At Beats Music, We Promise Not to ‘Barf Everything You Play Onto Facebook…’


Beats Music isn’t even on the market, yet their newly-tapped CEO is now beefing with almost every other streaming music service on the planet.  In a jabbing and sharply-worded attack this week, CEO Ian Rogers slammed competing services like Spotify for ‘barfing everything onto Facebook’ and creating all sorts of unnecessary noise and confusion.


“I promise you Beats Music will not do the ‘barf everything you play on Facebook’ bullshit.  If your music service is currently barfing every track you play to Facebook, turn that shit off.”


Guess that means Beats Music won’t be auto-sharing songs onto Facebook feeds, at least by default.  But Rogers took the accusations further by noting that streaming services are using Facebook feeds to selfishly promote themselves, not to foster greater social connectivity or discovery.


“This feature was always a bad idea. It’s as if Instagram uploaded every photo you take with your phone.”


Rogers picked on MOG most incessantly, the service recently purchased by Beats that was a strong adherent of Facebook sharing and communal listening.  MOG’s founder and CEO, David Hyman, is not part of the new organization.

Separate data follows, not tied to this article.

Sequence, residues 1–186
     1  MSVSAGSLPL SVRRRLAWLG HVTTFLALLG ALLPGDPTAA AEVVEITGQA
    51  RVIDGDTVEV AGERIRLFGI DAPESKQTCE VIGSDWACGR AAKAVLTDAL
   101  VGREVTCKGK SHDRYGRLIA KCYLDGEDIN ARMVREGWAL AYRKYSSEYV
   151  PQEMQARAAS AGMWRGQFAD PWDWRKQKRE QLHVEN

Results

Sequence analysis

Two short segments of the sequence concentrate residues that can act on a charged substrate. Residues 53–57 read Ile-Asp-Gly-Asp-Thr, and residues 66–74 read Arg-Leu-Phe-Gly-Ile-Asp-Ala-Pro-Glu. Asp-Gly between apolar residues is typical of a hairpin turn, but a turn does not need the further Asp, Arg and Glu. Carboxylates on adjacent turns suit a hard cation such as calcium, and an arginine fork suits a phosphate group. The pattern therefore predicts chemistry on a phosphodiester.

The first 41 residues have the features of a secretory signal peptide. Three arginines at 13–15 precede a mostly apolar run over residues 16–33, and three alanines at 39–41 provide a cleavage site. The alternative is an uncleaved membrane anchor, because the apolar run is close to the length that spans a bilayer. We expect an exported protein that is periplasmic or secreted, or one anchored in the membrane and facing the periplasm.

Rogers may be touching a nerve among music fans, though in reality, Spotify is the real auto-connecting elephant in this room.  Indeed, Spotify has pissed off more than a few users by re-connecting and auto-posting songs into Facebook, while lodging a massive number of tracking cookies onto local machines. But they’ve also used the integration to add a massive number of new users.

Beats has other ideas for acquiring and retaining users.   Which brings us to this: a detailed guide for disconnecting almost any music service – and app – from Facebook, courtesy of Rogers.


How to disconnect Spotify from Facebook

How to disconnect Pandora from Facebook

How to disconnect Songza from Facebook

How to disconnect Rdio from Facebook

How to disconnect Rhapsody from Facebook

And, to disconnect MOG from Facebook, login to, choose Account in the top navigation, then Social, then Disconnect Facebook.


How to stop any app from sharing activity on Facebook


Written while listening to Taylor Swift.


Image [email protected], modified under Creative Commons Attribution 2.0 Generic (CC BY 2.0). 

11 Responses

  1. Yikes